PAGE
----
In order to make IT more approachable, the technology industry has come up with many familiar-looking descriptive terms that have counterparts in everyday life. Perhaps the most common of those terms is cloud, but there are also many others – migration, warehouse, shadow IT, just to name a few.
The term-snatching also covers professions. When your company starts a new IT project, perhaps called a pilot, chances are your IT partner sends in people who carry the title of an architect. They are not going to design and build your new house, though. Their job is to ensure that technology strategies support business needs.
IT architects don’t build solutions
But why fuss about terms and double meanings – surely they are mostly harmless? According to Andreas Gripfors, Enfo’s architecture expert, this is not always the case.
"The title architect gives us a good example of the possible misconceptions. My experience is that most people think architecture is the same as design. While this can sometimes be true when talking about construction, it is certainly not so in IT," says Gripfors.
Getting these two professions mixed up may lead to disappointments when a company is recruiting new people to either of these roles. But the mix-up can cause even more frustrating situations when a company is calling for offers from new IT partners and the specific qualifications and demands for each role don’t match the actual tasks.
"I’ve noticed a trend where clients insist that their new IT partner should have architect-level knowledge for specialist roles. When companies need someone who can build a system and design solutions for them, they say they need an architect – because everybody knows architects love building and design work, right? Not exactly."
Architect is a strategist, designer is a specialist
In IT, architecture is about technology strategy. Compared to solution designers, who are the masters of certain specific skills or technologies, IT architects are generalists with special knowledge in strategies and in combining technology and business goals together.
"If solution designers are specialists in designing and building houses, then IT architects are specialists in urban planning: where the houses should actually be placed and how they fit into the community," Gripfors compares.
Although companies may state in their requirements that they need everyone in their outsourced team to have strong experience in IT architecture, most of them don’t actually need a legion of IT architects. What they really want is professionals who can do system and solution design for them and maintain the solutions over time. In other words: specialists.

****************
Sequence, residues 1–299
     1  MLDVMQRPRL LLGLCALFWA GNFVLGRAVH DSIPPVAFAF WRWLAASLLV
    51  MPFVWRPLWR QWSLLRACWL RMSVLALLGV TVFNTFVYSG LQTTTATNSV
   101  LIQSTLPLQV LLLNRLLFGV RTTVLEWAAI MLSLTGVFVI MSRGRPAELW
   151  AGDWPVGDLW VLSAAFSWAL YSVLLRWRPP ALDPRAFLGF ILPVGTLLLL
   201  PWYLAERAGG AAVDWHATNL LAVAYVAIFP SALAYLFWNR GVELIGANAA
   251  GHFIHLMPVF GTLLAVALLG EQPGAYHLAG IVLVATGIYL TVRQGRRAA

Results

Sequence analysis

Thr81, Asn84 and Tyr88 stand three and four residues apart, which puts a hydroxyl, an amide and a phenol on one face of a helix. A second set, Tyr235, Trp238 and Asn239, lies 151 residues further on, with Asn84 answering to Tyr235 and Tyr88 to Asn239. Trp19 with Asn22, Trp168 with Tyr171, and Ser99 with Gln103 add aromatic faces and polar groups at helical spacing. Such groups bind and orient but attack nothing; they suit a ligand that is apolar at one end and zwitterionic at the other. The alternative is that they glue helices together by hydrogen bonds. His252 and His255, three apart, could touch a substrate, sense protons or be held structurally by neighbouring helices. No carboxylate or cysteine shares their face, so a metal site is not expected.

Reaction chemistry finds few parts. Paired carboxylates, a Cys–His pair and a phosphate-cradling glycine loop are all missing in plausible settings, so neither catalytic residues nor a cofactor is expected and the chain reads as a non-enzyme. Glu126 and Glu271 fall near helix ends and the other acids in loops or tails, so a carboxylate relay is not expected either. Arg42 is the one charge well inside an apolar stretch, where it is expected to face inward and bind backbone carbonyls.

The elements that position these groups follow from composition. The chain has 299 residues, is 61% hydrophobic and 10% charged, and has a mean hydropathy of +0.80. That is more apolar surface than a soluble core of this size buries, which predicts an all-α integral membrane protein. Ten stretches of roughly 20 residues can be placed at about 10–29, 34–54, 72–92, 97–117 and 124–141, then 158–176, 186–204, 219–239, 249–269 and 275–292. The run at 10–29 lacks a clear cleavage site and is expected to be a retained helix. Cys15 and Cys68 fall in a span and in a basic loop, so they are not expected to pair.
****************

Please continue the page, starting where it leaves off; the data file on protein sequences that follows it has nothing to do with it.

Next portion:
So where do the architects come in when creating a new solution?
The architect’s job in this case is to break down the business requirements and make sure they meet the customer’s long-term strategies, as well as to identify non-functional requirements. These are aspects that do not directly affect the functionality in the solution, but ensure maintainability, scalability and security over time. It’s also about making sure that the solution fits well into the bigger plan and landscape.
"It’s not uncommon that the role of the architect is to be the mediator between business and technology since they speak both 'languages' well. The architect is also the one with the skills and experience needed to understand the business impact of technology decisions, and is therefore well-crafted to take what others see as too great and often uncomfortable decisions," says Gripfors.
Teamwork brings the best results
To be fair, the distinction between various technology terms and professions is certainly not easy to understand for non-IT people. What makes it even more complicated is that typically there are also many kinds of architects in IT projects.
An enterprise architect carries the biggest responsibility for planning. He or she evaluates the existing technology environment and determines what change is needed in order for the organization to accomplish its strategic plan. The enterprise architect also works closely with the organization’s leadership to develop the roadmap on how to implement that change.
There are also solution architects. Their role is focused on turning a concept, for example a gap in the enterprise architecture, into a doable plan for implementation. The solution architect is involved in a project from start to end and has a much wider responsibility than just technology.
"One common thread between enterprise and solution architects is that neither of them is a specialist. That’s where engineers and developers come in."
The developer is usually the one taking care of the hands-on tasks: writing code, either building something new or adapting a standard solution. These are then handed over to the engineer who ensures that the solution is installed and configured and defines how it should be maintained over time before it’s handed over to operations.
In today’s business environment coding is often seen as a desirable skill for just about everyone. But since architecture is a task for a generalist, it would not be totally impossible to become a decent IT architect even if you had never written one line of code or installed a server.
"This is possible because the core competences of an IT architect are not in programming or system administration. The IT architect’s job is to take care of planning, change management, and the marriage between technology and business needs. When it’s time for coding and installing, the specialists do it much better. The best results are achieved with seamless teamwork. Then everyone gets to play to their strengths."